What do you think of when you hear the words ‘Scottish witches’? The three from Shakespeare’s ‘Macbeth’, hunched round their cauldron? The ones who chase Tam O’ Shanter in Robert Burns’s poem? Scotland is a country rich with tales of witches. Some are legends that have grown with the telling, some are completely made up, and some of them actually happened.
Why do witches fascinate me? They always have, ever since I was a little girl. I don’t remember exactly, but I think I read my first ‘scary’ witch story when I was about seven. I never bought into the good witch, bad witch thing. ‘The Wizard of Oz’ wasn’t a favourite of mine. (I much prefer ‘Wicked’). Even when I was young, I understood that ‘good’ and ‘evil’ are often subjective. When I read books and watched films, I always thought the wicked witch character was a lot more interesting than the simpering heroine. I still do. Witches appeal to my dark side. There are as many aspects to witchcraft as there are to life: witches are people and the same ones can be good or bad depending on what they’re doing and who’s describing them. I love that.
In my home of Scotland I have spent a lot of time visiting spooky sites and absorbing local stories, many of which go back before written records. We have a great ‘oral tradition’ of folk tales. A few forward-thinking writers captured some of them on paper before they were lost forever. Witches, fairies (NOT the fluttery pretty kind), ghosts…they are everywhere. Dark, forbidding mountains and crags, wild weather, dense forest – even the landscape conspires with the legends.
One of my earliest memories of a ‘real’ witch (or in this case, warlock) story comes from a school trip to Edinburgh, again when I was about seven or eight. On this trip to Scotland’s capital city, we went to the waxworks museum. When we got to the inevitable ‘chamber of horrors’ you could choose whether to go through or not. Guess which I did? I thought it was BRILLIANT. I bought the guidebook and devoured it when I got home. One of the characters I was particularly taken with was Major Weir.
Major Thomas Weir was born in 1599 and lived in the street called the West Bow, between Edinburgh Castle and the Grassmarket. He attended his local Protestant prayer meetings and was a respected pillar of the community. Then the Major fell sick, and decided, in his feverish state of mind, to divulge his secret life to his fellow worshippers.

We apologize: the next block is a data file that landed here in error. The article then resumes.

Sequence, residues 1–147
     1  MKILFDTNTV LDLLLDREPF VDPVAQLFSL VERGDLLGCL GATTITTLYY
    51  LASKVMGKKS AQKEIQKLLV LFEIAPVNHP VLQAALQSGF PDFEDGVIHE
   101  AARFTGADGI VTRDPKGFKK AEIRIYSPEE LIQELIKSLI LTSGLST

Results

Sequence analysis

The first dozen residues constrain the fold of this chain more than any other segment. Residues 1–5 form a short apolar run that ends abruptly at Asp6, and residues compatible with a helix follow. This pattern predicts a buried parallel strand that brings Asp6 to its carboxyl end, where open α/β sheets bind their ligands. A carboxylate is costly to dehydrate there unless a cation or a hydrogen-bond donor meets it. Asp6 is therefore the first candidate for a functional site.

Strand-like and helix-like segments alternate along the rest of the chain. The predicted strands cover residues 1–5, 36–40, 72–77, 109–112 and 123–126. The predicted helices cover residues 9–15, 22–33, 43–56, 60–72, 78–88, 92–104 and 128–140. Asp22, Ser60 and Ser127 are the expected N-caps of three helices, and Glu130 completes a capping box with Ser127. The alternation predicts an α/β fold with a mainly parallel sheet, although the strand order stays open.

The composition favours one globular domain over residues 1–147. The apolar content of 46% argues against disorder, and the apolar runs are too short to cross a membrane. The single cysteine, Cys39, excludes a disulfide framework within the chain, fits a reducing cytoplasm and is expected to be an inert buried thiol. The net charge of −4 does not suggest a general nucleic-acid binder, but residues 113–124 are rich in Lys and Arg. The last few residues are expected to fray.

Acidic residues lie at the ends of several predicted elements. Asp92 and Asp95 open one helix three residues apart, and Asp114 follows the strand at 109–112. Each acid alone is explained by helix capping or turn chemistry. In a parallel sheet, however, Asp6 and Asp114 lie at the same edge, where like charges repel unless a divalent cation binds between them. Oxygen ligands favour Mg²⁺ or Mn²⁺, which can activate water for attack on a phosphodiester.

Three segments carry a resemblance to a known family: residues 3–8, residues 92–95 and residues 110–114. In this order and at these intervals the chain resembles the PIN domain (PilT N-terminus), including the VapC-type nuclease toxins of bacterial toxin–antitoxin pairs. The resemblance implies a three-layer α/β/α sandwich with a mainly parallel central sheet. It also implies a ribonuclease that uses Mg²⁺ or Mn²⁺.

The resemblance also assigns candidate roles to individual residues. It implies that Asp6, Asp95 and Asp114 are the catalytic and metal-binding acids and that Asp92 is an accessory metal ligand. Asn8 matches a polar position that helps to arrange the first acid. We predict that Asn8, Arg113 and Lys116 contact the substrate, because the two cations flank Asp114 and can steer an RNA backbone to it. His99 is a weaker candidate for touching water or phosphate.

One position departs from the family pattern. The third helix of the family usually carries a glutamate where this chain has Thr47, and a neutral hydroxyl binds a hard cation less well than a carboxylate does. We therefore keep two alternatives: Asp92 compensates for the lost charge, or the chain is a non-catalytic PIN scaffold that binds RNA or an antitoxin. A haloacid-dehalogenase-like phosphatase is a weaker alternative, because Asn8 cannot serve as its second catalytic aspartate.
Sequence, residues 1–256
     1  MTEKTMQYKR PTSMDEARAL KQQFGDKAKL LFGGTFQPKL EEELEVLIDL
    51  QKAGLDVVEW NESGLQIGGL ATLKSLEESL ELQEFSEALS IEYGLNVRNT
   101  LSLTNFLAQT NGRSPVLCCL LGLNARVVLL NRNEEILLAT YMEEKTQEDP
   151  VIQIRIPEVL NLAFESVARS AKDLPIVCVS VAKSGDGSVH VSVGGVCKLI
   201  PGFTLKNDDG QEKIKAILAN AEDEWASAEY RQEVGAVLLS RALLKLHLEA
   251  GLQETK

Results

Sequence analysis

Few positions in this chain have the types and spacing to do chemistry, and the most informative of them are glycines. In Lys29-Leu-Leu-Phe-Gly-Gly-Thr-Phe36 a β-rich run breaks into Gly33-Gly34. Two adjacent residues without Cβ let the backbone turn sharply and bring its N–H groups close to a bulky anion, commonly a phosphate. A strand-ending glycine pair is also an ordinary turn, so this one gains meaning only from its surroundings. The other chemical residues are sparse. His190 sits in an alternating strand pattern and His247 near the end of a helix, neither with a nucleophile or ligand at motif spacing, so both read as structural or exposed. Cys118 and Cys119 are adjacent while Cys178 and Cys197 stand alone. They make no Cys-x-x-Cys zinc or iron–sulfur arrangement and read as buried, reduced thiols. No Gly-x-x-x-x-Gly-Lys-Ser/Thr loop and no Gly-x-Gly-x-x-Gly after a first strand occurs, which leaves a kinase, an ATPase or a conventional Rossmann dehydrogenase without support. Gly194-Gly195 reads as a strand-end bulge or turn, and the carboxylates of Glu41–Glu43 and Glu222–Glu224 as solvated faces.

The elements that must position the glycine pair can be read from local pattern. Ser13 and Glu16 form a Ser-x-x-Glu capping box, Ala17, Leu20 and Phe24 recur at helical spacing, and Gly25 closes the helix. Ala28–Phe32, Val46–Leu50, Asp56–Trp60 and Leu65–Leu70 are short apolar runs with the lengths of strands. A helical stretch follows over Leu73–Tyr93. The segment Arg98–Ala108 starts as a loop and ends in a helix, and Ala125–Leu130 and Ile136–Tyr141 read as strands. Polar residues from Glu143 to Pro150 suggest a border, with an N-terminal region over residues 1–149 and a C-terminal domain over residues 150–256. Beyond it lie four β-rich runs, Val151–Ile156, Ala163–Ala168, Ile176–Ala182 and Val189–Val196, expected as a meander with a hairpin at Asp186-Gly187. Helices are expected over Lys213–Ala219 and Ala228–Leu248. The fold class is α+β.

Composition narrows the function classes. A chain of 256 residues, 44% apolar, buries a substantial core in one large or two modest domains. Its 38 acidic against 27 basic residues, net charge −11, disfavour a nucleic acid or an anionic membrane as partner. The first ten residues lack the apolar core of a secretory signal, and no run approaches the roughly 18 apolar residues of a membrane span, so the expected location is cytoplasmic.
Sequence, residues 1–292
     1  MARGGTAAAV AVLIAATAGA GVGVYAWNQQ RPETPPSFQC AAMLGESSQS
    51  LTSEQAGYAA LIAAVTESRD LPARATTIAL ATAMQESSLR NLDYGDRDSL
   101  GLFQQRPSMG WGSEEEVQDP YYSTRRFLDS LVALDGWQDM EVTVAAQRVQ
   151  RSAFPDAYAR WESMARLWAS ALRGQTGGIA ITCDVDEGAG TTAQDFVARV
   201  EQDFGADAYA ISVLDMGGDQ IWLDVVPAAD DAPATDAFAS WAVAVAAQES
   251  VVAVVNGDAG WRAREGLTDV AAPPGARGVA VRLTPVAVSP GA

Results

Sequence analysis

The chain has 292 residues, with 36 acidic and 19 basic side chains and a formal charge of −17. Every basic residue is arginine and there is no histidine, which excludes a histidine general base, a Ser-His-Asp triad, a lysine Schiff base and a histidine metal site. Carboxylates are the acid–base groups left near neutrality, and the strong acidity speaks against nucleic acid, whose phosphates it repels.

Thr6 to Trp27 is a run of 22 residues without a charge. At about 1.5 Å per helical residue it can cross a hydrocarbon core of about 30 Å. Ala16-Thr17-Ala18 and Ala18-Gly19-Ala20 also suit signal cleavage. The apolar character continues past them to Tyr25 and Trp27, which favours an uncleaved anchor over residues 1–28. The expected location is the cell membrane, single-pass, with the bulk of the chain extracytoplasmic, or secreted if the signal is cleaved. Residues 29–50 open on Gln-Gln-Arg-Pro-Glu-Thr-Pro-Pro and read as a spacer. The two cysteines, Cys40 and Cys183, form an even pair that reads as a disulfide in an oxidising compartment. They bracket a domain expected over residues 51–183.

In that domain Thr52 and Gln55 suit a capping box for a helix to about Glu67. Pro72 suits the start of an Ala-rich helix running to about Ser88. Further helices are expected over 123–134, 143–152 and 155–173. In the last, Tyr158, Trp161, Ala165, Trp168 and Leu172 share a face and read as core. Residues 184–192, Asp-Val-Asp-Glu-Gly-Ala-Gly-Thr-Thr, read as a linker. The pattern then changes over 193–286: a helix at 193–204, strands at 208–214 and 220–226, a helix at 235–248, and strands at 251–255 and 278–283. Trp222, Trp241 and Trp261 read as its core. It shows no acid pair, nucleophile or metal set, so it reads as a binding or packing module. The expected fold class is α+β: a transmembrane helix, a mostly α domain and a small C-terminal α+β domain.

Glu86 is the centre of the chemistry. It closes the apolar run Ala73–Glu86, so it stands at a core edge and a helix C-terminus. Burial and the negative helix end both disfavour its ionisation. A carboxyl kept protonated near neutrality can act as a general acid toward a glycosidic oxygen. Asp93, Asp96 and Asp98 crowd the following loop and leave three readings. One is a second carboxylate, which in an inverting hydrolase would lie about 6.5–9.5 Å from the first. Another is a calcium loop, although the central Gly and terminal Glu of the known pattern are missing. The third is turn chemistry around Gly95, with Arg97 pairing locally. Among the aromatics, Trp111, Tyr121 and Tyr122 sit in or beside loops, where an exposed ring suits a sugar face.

He admitted ‘crimes against man and God’, including necromancy and other supernatural activities that resulted from witchcraft. He was taken into custody, along with his sister Jean, who was his partner in these arts. Both were tried on April 9, 1670 and sentenced to death. While Jean was hanged in the Grassmarket, Major Weir was burned alive somewhere between Edinburgh and Leith. He fervently refused to repent his sins. There is a popular legend that his staff was cast into the flames after him, where it twisted and writhed due to ‘whatever incantation was in it’.
The house where Weir and his sister lived and practiced their witchcraft stands to this day, and neighbours have confirmed sightings of his ghost and strange lights from within; also the sounds of laughter and revelry – a macabre sign that ‘The Wizard of West Bow’ and his cohorts still enjoy their distractions!
With this story I was hooked. I moved to Edinburgh when I was seventeen and found out more about the history of the city. During the reign of King James VI, more ‘witches’ were put to death on Castlehill than anywhere else in Scotland. From 1590 onwards, hundreds of women were executed. Of course, it is doubtful that most of these were witches at all, and even those that were, mostly used their arts to cure illness, heal wounds, and provide the occasional love potion.
The idea of ‘black’ and ‘white’ witches can be traced back to Roman times and beyond. But James VI considered himself an expert on witchcraft, and adopted the theory that all witches had made a deliberate pact with the devil, leading to a wholesale persecution of witches. They were often accused of plotting treason and trying to bring about the King’s downfall by using black arts. I’ll tell the story of one such coven in a future post.
So far it doesn’t sound as though witches had a very happy time in Scotland! But there were plenty of places where they could practise their arts undisturbed. Abandoned ‘Kirks’ (churches) were a favoured spot. One of these is a few miles from my home. Logie Old Kirk, just outside the town of Stirling, was the meeting place for a coven in the 1700s – more on them next time…